IDS-G's Stephen Robins talks to ARN.
What was your first job? During school I worked part-time and in the holidays on pig and other farms in Sussex in the UK where I grew up. We had loads of free manure. After I left school in 1972 I didn't really know what I wanted to do and ended up in the building trade.
How did you end up in the IT industry? I was on a building site in the middle of winter and had just about had enough of it. I met a mate from school who had taken a role at American Express in the computer operations area. Next day I was doing the mandatory IBM aptitude test and offered a job in the IT operations group. That was March 1974.
How did you progress to where you are today? It's a long story. I worked for Amex for three years in various roles and left to take on some lucrative contracting roles. After that I joined IBM as a systems engineer working initially in London and then Amsterdam.
In the early '80s a close friend invited me to Australia to be best man at his wedding. My three-week holiday turned into what has become a 25-year, on-and-off stay. Locally, I had a number of systems programmer and technical support roles with Computer Power, Goal Systems, Legal Aid Commission and Westpac. I joined Hitachi Data Systems (HDS) in 1993 as facilities manager for a large Hong Kong-based customer. Then I took on a channel sales role covering Korea, China and Taiwan, before leading professional services across Asia.
I returned to Australia with HDS in 1999 to take on responsibility for storage area networks and Y2K co-ordination for Asia-Pacific (someone had to do it). Later I was regional director for northern region NSW, QLD, NT and WA. I left in 2004 to set up Independent Data Solutions Group (IDS-G).
What do you like about your current job? Giving myself a day off for doing a good job and approving my own leave applications! Not having to send reports or updates to meaningless emails that you typically get in large multinationals. And the challenge of it all.
What is the biggest achievement of your career? There's been a lot of fulfilling achievements. A satisfying one was taking over management of the NSW operation of HDS. We won what was at the time a significant storage tender and HDS' first ever contract at Qantas. The company had failed in reputedly 36 tenders over the previous 15 or so years.
What do you dislike most about the IT industry? Government tenders waste considerable time and effort for public servants and bidders and do not necessarily get agencies the best deal or solution. I also dislike large outsourcing agreements, which benefit global vendors and service providers to the detriment of the domestic industry.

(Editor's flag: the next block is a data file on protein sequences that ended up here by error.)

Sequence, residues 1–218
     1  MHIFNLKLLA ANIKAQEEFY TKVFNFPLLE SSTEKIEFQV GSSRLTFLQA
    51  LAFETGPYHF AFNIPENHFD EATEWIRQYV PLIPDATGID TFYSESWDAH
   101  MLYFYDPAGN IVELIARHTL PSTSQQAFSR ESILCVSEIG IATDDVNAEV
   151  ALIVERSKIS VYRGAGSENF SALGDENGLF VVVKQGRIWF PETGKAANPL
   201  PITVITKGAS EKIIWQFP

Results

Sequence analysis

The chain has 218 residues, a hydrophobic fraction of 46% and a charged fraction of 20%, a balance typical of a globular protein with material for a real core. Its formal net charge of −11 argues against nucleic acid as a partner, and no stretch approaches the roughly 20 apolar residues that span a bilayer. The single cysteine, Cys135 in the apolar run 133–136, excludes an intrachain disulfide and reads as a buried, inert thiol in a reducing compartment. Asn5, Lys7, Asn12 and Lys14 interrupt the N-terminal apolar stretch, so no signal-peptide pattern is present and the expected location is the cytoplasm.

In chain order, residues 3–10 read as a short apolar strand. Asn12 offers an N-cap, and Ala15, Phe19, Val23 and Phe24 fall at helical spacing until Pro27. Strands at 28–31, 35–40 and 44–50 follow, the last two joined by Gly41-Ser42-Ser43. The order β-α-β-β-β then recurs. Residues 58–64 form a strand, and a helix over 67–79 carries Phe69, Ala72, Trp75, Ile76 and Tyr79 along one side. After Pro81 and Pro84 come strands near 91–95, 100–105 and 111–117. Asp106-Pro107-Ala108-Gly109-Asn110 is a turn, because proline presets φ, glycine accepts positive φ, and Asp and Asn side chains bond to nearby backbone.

What will be the 'next big thing' in the industry? It's a big industry so I will only cover the storage and data management. ILM, DLM and HSM have been talked about for some years by the storage vendors without any real ability to deliver on it. There is still no total solution covering all platforms and data types today. I see this getting a lot of traction in the future and someone making a lot of money delivering on it. Virtualisation in the storage space will also be significant over the next 12-24 months. This will allow ILM and DLM to disengage from products and to see pools of storage of different values and capabilities. Another hot topic is enterprise storage management.
What is the main focus for your company this year? Growth and to continue to add new technologies that fulfill market demands. We have just launched operations in Asia and that will be a significant focus over the next 12 months.
What do you do when you are not at work? Play golf, ride my old 1972 Triumph Hurricane, and watch rugby (I played for years).
Do you like gadgets? Yep some ... I really got into them when I lived in Asia. I try and stay up to date with most of the current fads: Blackberry, IP-telephony, that sort of stuff.
What did you want to be when you were younger? An aircraft engineer or in the air force. I applied for a role with British Caledonian but failed to get an interview. I would have liked to have joined the fire brigade, but my father was chief officer and I'm not sure it would have worked having him as my boss.
What is your biggest ambition? To see IDS-G develop to be a significant Australian business while servicing other parts of the world from here instead of the other way around. I can then consult 2-3 days a week and spend the rest of my time enjoying my family, golf and riding motorcycles.